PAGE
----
As he moved, he thumbed a mic on his radio and called out clear instructions to the Army unit awaiting his commands. A joystick jockey somewhere safe and warm in the mountainous neighborhood was piloting an MQ-1C Grey Eagle drone by remote control. On Travis’s command, the pilot would signal the drone to fire a bunker-busting, AGM-114R Hellfire II missile at the cave.
The cave opening was just ahead. Breathing heavily now, Travis pushed himself to the limit. Before he even reached the entrance he shouted into his radio, “Go! Go! Go!” He burst out into the starlight and immediately cut to the left, out of sight of the entrance. He heard the yells of the men behind him as they converged on the mouth of the cave, but their voices were quickly drowned out by the deafening shriek of the incoming rocket. The night lit up like the sun, erupting in a huge, fiery explosion, and the world in Travis’s vision tumbled end over end and finally went dark.
Travis ripped the virtual reality helmet off his head and turned to his teammates excitedly.
“Hoo-ah!” he yelled. “What a rush! What’s the verdict? Did we score a hit?”
“Direct hit, Captain,” his warrant officer called out. “L-and-S ground station says images from the Grey Eagle confirm it.”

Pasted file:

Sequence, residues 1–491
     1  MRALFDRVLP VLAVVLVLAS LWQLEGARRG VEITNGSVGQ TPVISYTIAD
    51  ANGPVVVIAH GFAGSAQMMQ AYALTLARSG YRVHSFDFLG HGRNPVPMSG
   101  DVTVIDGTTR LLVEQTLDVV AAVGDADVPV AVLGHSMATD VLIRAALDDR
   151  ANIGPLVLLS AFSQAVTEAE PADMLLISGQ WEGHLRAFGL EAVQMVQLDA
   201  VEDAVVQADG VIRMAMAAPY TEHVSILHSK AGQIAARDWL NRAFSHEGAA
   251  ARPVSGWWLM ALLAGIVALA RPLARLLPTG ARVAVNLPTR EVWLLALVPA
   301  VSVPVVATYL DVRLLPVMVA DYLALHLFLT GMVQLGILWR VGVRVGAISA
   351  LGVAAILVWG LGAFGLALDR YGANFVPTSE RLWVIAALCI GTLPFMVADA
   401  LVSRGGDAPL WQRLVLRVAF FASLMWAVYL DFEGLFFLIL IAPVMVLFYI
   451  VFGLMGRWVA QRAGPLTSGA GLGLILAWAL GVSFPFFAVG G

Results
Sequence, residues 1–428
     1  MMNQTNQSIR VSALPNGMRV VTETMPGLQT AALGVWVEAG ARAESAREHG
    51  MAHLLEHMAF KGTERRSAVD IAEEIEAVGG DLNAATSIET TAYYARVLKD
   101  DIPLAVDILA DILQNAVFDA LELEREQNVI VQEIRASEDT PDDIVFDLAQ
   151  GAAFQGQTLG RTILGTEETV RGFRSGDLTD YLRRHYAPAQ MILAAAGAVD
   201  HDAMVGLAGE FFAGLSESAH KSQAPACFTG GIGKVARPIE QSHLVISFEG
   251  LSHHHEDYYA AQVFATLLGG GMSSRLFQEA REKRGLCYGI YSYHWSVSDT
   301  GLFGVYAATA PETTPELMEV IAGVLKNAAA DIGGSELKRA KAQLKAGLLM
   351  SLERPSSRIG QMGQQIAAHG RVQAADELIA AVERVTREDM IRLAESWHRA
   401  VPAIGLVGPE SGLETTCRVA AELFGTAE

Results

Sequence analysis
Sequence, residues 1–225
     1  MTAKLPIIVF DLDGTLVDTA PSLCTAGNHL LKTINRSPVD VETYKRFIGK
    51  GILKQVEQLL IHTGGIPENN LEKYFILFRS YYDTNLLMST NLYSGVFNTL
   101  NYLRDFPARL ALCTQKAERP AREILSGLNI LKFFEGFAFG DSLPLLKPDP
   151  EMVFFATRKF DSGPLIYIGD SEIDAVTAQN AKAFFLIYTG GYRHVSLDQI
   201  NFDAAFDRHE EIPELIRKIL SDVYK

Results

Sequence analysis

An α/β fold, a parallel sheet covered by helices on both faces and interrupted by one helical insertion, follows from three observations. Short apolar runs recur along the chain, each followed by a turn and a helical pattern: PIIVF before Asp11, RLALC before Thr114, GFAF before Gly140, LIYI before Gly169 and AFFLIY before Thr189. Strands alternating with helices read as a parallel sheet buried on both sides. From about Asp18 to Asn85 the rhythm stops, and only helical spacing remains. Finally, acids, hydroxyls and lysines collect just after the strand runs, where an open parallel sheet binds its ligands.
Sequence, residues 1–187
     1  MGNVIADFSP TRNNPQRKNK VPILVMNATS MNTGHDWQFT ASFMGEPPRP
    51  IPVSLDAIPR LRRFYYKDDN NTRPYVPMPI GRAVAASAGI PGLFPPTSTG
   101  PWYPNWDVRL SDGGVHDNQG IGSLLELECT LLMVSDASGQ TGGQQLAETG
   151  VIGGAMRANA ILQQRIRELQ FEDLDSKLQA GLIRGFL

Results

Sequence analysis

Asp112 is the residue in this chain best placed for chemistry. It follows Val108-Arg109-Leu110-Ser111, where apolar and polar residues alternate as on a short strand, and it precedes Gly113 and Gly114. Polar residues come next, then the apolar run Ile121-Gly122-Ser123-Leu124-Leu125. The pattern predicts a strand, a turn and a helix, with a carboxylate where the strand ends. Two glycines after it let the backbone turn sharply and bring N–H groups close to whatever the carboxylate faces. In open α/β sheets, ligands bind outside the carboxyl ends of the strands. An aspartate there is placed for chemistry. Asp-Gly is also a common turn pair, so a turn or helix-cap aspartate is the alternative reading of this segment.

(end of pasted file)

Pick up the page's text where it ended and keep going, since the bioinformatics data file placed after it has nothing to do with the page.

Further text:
Travis pumped his fist in the air as his unit cheered. The drone pilot at the Army’s Logistics & Support base had locked on the coordinates and had infrared pictures showing the blast site.
“Looks like we lost the avatar,” Travis said, “but as long as we got that S.O.B., Basir al-Samara, that’s what counts.”
Travis knew that certain people, James included, would be pissed. The avatar was actually a tiny radio-controlled helicopter, but not just any toy. James and his company had put hundreds of millions of dollars into R&D on the little gizmo, and Travis had just proved it was everything it was cracked up to be. First, he could control most of its functions with the virtual reality headset. Turn his head, and the helicopter turned. Lean forward, and the little flying machine moved ahead; lean back and it flew backward. Equipped with stereoscopic cameras, the device saw exactly what Travis would see if he was there in person. Better, Travis could shift to infrared night vision if needed. When Travis moved his eyes, not his head, tracking cameras in the VR headset moved the helicopter’s “eyes” in the same direction. Stereo microphones worked just like Travis’s ears, but were even more sensitive.